A: Working with juniors, I always wanted to give something to the next generation hoping that the next generation will be better than us. That thing brought me to Bangladesh finally. I’m really excited to have the Leabetter kids’ program here which is one of the first three countries in the world to have this program. I hope that this program creates a massive interest about golf in Bangladesh. I hope the golf clubs rally around that and be more accepting of the program.
Q: Do you subscribe to any particular teaching method?
A: We have our own Leadbetter teaching philosophy. I’ve assisted David for a year and a lot of the teachings that David does goes into this program. The main thing that he wants from coaches is being passionate and loving work with the kids. There are two things: Safety is very important, and the other important thing is having fun. If the coaches and the students have fun, then learning gets easier for children.
Q: What tools and technologies will be used at the school?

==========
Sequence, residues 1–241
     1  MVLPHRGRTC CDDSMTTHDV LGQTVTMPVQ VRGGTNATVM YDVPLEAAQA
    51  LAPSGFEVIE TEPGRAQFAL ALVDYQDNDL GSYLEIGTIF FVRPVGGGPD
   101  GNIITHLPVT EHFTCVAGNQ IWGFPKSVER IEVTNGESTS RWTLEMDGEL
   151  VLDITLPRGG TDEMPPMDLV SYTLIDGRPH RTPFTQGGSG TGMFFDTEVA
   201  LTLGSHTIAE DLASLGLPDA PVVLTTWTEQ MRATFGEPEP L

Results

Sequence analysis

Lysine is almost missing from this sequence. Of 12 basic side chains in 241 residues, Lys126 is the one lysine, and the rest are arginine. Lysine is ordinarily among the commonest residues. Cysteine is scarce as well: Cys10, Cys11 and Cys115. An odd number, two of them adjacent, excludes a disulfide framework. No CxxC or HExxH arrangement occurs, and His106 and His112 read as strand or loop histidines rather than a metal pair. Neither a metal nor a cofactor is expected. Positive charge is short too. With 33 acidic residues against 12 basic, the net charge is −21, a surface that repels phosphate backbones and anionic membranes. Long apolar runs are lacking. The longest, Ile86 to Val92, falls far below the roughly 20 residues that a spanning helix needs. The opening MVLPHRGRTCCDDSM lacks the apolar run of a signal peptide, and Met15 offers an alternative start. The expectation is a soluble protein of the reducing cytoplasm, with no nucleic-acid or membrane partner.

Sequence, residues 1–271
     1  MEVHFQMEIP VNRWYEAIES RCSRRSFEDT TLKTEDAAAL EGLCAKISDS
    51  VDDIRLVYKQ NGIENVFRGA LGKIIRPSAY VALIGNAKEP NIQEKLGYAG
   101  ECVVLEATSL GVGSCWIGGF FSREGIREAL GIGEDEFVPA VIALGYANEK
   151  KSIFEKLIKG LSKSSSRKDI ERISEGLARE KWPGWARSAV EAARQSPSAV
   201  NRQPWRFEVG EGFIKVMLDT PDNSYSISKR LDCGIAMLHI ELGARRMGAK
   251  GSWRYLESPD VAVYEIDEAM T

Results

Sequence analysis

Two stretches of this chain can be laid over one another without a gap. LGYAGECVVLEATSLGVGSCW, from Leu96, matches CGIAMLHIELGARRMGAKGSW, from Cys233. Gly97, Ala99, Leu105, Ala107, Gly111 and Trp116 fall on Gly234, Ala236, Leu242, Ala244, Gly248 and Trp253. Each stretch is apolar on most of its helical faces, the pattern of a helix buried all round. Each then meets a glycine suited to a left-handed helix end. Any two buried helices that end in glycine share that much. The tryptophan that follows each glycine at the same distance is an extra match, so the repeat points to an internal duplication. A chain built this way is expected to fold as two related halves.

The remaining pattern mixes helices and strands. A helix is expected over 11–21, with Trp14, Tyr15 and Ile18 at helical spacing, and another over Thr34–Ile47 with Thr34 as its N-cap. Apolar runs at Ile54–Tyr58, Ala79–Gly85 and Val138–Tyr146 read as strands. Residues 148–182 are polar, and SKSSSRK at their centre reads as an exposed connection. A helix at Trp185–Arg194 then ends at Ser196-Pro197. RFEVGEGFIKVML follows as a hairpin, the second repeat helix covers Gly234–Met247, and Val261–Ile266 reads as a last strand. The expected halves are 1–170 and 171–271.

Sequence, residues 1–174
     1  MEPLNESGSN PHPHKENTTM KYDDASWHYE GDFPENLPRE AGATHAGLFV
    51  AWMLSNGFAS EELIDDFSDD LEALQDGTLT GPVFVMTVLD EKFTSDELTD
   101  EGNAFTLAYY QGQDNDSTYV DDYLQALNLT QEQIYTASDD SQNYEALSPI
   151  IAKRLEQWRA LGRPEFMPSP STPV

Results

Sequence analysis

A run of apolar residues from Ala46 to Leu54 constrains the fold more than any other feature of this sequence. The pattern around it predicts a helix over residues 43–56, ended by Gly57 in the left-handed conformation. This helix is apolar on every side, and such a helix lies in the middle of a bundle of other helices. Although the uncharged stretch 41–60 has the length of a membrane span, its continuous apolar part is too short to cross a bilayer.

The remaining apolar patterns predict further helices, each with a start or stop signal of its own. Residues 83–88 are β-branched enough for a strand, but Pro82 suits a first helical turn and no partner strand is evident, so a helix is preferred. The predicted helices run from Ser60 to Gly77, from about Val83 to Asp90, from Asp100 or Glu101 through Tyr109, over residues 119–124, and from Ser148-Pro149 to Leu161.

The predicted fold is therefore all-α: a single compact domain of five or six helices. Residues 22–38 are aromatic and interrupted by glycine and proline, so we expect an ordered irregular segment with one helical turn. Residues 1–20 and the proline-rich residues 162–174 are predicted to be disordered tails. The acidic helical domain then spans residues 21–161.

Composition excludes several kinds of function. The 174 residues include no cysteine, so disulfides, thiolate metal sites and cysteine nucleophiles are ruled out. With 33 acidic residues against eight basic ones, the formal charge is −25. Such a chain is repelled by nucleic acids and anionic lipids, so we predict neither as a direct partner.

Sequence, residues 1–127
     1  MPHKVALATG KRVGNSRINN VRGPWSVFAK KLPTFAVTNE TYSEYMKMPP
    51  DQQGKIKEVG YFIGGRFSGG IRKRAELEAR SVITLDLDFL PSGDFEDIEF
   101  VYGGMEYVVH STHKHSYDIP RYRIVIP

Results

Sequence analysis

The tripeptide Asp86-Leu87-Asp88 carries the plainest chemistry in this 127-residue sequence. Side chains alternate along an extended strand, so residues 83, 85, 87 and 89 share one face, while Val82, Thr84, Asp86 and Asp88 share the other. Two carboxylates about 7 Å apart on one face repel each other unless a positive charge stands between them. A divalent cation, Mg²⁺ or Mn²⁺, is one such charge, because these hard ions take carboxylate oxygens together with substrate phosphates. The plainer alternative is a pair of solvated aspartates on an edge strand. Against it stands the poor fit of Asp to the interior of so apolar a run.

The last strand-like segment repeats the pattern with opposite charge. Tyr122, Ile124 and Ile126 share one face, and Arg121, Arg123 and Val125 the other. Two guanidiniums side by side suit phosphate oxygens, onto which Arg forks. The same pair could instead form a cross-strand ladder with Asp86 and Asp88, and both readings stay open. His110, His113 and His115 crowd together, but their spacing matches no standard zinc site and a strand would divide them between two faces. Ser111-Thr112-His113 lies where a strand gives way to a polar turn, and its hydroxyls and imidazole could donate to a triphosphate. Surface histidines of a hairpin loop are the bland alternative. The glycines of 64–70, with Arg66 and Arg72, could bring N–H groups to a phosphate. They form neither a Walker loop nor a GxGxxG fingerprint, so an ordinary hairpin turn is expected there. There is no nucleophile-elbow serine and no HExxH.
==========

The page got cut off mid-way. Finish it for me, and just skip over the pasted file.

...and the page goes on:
A: Our idea is to keep it simple and fun. Using equipments that are nice and colourful and make nice sounds attract the kids. In the end it’s about creating a fun environment where they can learn the game as well as have a good fitness and education system. It’s about building a kid who is a very good golfer and also a very good individual by his own right whichever sector he goes into.
Q: Do you play competitive golf yourself?
A: Unfortunately I’m too busy to be playing competitive golf, but I did as a kid. As a result I can relate to a lot of the things that the kids go through. I know what it feels like to have fun in the game and not to have fun in the game.
Q: What are the goals of Leadbetter School?
A: There are three primary goals: To create a long-term athletic development for golf, to help create outstanding citizens through life skills including confidence, honesty, sportsmanship and integrity, and to develop fitness.
Q: What are the special features of this school?